Hello, Pam and others – I have been blessed. When I was diagnosed in the spring of 1996 (25 years ago), I could not take more than a few steps without being breathless. I could not shower as the warm, moist air made it impossible to breathe.  I coughed so much my throat was raw. I was prescribed a steroid. The pulmonologist gave me 6 months to a year to live; said my lungs were “filling up fibrosis.” I was very discouraged with my outlook, only compounded by  suddenly facing family issues  and upheaval in my job. The stress was incredible. I was encouraged to exercise, which was difficult.  I pushed myself to bike and walk. I took breathing tests and image studies frequently, and persevered.  This went on until 2012 when my pulmonologist retired and passed my case management to my primary care provider, who took image studies annually. Because I am a recent prostate cancer survivor, my PCP suggested I get a consult from a pulmonologist to establish a new baseline on my ILD.  Consequently, I was prescribed OFEV, although I do not present common symptoms of the disease.  He said the medicine  can slow the disease, but he did not/ could not  provide an estimated time of my demise. This caused me to do more fresh reading about ILD, and I found this Wonderful forum. Clearly, some of these diseases move incredibly fast, while others are slowpokes (that’s good). If a person who is newly diagnosed is able to exercise, I think this helps lung functionality, but I’m no medical professional so listen to you doc.  Nothing can stop the disease. I’m 68 and am walking 3 miles a day.  As for stress and anxiety,  i have worked hard  to manage theses things that weigh down my attitude.  That said, Iam still dealing with the sticker shock spurred by the price of the prescription. I don’t know what God intends for me. I am grateful for every day.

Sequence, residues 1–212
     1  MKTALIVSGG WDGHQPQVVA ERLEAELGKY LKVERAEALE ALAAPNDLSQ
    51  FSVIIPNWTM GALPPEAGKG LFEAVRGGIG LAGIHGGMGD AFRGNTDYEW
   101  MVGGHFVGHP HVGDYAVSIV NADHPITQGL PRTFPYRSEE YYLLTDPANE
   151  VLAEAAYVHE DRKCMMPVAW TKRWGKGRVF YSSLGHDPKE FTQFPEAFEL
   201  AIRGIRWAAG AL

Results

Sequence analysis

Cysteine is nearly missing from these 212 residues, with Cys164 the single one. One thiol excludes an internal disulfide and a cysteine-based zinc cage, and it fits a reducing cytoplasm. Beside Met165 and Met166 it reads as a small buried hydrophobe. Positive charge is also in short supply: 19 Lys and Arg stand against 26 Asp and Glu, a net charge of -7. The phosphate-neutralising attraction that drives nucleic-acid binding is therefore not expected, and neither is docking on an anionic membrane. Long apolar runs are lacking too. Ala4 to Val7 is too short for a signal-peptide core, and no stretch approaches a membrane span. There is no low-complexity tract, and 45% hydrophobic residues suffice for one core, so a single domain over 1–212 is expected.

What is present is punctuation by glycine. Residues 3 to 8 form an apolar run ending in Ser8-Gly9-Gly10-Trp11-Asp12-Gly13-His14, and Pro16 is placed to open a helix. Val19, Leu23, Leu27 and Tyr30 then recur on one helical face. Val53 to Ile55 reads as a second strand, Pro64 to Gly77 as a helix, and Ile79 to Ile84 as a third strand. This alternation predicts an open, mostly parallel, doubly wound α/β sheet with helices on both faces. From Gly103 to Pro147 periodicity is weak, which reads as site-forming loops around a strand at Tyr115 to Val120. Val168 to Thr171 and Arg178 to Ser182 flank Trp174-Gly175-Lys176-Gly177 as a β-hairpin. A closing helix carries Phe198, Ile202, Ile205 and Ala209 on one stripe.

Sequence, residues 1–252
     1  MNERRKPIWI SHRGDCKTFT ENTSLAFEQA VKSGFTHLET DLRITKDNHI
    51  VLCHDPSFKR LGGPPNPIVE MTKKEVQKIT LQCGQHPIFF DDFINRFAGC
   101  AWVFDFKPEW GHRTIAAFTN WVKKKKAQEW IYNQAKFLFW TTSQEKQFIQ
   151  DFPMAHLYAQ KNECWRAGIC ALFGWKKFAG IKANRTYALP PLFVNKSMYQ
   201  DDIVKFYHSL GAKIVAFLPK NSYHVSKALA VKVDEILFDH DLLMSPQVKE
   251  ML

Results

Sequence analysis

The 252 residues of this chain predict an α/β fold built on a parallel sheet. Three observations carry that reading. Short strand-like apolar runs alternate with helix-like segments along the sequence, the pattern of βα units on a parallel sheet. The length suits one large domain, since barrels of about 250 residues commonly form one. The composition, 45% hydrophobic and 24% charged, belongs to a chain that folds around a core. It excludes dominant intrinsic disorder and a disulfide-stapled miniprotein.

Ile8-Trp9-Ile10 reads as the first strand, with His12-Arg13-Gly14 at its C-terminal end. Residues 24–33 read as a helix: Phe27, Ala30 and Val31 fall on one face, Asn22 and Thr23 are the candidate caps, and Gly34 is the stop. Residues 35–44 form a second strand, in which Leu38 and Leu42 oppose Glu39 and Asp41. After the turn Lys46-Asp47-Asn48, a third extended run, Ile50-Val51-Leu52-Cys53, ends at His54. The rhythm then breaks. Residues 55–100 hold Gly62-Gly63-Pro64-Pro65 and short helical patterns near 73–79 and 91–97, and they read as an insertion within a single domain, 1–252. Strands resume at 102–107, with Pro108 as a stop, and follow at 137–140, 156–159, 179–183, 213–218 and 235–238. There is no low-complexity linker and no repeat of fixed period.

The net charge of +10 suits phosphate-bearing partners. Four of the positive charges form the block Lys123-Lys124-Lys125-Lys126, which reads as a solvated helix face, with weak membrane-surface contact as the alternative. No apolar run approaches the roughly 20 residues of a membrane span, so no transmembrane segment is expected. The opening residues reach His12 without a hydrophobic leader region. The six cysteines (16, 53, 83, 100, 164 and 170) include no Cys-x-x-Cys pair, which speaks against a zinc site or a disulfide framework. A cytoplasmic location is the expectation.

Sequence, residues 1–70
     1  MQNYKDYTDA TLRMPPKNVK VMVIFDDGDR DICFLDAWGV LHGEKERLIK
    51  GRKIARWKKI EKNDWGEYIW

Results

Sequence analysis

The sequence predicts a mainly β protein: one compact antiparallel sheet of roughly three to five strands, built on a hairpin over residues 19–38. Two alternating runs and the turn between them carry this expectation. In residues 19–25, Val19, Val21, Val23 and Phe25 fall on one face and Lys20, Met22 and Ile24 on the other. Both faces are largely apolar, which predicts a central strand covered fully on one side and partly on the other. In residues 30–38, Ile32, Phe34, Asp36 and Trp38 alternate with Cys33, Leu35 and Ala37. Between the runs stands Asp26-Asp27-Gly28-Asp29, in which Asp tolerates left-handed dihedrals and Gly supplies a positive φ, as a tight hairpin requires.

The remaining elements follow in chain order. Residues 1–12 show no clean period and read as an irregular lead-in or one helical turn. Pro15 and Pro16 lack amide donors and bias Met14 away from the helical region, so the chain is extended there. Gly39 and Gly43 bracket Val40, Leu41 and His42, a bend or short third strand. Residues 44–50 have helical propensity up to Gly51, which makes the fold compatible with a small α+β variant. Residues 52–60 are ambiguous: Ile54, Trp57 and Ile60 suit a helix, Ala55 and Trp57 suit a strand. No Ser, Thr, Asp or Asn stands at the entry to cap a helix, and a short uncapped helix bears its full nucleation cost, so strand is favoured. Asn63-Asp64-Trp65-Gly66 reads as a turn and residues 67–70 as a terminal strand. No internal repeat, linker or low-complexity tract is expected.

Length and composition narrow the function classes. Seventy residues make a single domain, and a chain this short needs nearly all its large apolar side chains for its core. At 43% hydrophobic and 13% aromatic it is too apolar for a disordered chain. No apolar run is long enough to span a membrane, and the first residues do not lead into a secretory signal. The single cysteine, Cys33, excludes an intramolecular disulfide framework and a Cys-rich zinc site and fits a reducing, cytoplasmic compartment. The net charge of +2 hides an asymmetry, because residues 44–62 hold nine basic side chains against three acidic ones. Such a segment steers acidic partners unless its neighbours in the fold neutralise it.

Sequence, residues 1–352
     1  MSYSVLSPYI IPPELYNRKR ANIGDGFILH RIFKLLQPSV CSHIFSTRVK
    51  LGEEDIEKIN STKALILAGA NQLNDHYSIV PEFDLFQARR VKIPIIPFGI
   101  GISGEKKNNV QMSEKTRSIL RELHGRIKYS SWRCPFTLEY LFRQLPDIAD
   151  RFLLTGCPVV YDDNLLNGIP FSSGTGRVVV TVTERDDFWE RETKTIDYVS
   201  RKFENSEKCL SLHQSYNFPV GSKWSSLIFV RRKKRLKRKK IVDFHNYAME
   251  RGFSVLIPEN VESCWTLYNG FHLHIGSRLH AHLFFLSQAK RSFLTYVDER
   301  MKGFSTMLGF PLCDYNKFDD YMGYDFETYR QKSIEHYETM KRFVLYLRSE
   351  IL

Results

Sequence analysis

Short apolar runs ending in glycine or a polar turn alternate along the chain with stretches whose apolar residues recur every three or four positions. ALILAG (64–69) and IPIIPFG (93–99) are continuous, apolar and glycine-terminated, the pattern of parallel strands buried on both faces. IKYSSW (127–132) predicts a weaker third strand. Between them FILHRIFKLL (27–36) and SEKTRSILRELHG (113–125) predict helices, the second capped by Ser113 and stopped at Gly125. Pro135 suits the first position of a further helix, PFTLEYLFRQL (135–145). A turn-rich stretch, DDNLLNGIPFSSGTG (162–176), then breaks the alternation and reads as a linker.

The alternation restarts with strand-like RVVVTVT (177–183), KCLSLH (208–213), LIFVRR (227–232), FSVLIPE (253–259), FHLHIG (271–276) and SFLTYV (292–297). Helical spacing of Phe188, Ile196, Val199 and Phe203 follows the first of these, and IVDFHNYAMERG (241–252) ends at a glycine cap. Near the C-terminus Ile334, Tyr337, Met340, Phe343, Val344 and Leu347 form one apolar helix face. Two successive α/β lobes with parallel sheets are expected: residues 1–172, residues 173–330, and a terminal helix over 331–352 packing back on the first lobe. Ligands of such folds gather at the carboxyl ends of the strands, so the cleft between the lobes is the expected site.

• #27349
        Mark Koziol
        Participant

        Hello Mark B., what s great story. May you continue to persevere. So happy to you are doing well. Thank you for sharing. Mark

    • #27356
      Pam Mckee
      Participant

      Reading these posts are so helpful and uplifting. I’m 71 and in pretty good health so it helps to know there are others living longer than expected.
      Years ago my husband was given six months to live with cancer, but he lived six years.
      My dad was told he had five years to live with heart failure and he lived 20 years.
      Hope is a wonderful thing.

    • #27357
      denise anton
      Participant

      Sorry about your diagnosis Pam. I too have asked the question, but can not get anyone to provide realistic statistics, which must exist somewhere. “Everyone is different”is true, but there must be some information that will help those with IPF evaluate how to plan their future. Rather than discourage me, it would help me feel informed and therefore empowered. Clinical trial reports from many countries currently use 3-5 yrs in their reports. If 5-9 yrs with the two fibrotic drugs is a better figure, why is it not published?
      Stay strong, optimistic, and positive!

    • #27359
      Steve Blake
      Participant